Bad Medicine: Doctors Doing Harm Since HippocratesBMJ 2006; 333 doi: https://doi.org/10.1136/bmj.333.7568.606 (Published 14 September 2006) Cite this as: BMJ 2006;333:606
- Iain McClure, consultant child and adolescent psychiatrist (firstname.lastname@example.org)
- Vale of Leven Hospital, Alexandria
Irecently read George Bernard Shaw's The Doctor's Dilemma and experienced an unexpected sense of insult on behalf of my profession. In this celebrated play (see also Editor's choice, BMJ 2 September 2006 (doi: 10.1136/bmj.333.7566.0-f)), Shaw serially indicts various kinds of late 19th century doctor—the hypocrite, the self publicist, and (most dangerous of all) the blinkered zealot. While I admired the plot construction, I suspected that Shaw had created such character extremes for comic effect. However, having read David Wootton's Bad Medicine, I am now no longer insulted and, on behalf of my profession, feel somewhat grateful to Shaw for his restraint. For, as Wootton painstakingly argues in this short but undoubtedly explosive new book, the history of medicine has been nothing less than a failure and doctors have been the culprits.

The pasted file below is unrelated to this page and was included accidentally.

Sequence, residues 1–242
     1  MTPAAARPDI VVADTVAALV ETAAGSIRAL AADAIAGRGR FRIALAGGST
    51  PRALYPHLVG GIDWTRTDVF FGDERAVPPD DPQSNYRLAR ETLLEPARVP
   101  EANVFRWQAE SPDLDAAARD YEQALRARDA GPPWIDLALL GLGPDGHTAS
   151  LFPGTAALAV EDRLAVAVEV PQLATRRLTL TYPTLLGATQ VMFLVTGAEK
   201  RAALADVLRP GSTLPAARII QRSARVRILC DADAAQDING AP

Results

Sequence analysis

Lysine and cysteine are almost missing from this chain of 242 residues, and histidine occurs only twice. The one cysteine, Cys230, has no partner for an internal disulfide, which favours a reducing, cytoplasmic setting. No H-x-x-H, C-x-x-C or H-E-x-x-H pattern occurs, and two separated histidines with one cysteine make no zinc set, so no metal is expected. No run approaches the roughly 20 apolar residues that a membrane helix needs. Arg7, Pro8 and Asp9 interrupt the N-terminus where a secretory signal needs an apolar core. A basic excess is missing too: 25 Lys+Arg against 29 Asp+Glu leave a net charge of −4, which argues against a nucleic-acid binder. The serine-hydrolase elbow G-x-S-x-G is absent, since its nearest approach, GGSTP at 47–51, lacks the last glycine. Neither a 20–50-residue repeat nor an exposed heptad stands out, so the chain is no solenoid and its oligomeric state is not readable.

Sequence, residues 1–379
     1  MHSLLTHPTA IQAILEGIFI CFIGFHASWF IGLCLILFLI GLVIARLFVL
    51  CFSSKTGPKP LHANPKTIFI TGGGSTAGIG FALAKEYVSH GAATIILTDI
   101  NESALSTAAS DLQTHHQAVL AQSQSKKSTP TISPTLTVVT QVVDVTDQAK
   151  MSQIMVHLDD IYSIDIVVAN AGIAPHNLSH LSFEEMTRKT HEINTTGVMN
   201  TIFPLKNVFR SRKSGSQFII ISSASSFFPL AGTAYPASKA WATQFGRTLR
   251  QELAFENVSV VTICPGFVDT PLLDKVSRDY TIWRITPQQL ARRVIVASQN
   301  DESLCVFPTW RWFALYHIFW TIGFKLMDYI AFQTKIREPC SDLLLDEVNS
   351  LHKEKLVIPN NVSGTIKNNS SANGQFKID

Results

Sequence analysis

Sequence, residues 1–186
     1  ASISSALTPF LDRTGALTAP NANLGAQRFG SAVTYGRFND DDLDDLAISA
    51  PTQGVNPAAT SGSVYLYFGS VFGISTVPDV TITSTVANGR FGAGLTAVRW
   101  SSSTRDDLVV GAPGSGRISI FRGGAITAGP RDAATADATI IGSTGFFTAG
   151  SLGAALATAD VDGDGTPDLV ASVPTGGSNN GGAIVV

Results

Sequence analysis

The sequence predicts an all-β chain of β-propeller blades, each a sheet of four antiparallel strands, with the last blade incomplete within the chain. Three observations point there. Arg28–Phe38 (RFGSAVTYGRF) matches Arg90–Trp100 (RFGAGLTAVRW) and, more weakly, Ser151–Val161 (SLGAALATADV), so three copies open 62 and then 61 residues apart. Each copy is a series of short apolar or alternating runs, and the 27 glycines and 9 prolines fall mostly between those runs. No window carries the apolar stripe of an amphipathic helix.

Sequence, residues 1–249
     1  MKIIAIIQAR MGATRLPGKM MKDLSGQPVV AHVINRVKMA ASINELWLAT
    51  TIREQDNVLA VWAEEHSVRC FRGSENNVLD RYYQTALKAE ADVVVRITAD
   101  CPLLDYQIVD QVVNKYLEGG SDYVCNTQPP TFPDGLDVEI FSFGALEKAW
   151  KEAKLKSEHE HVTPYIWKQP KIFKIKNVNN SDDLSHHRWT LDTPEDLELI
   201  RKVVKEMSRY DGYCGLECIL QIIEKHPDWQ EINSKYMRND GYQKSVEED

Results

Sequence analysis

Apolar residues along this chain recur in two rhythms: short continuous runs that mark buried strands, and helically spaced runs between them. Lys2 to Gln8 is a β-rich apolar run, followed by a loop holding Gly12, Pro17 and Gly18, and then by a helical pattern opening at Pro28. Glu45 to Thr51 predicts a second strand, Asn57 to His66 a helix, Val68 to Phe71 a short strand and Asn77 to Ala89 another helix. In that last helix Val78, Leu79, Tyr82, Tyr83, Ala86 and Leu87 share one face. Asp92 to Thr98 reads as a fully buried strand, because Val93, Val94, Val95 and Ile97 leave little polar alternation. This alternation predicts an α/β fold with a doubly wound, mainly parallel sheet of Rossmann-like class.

Although Bad Medicine is short, Wootton has written “three books in one.” In the first part he surveys a tradition of therapy that survived for 2300 …
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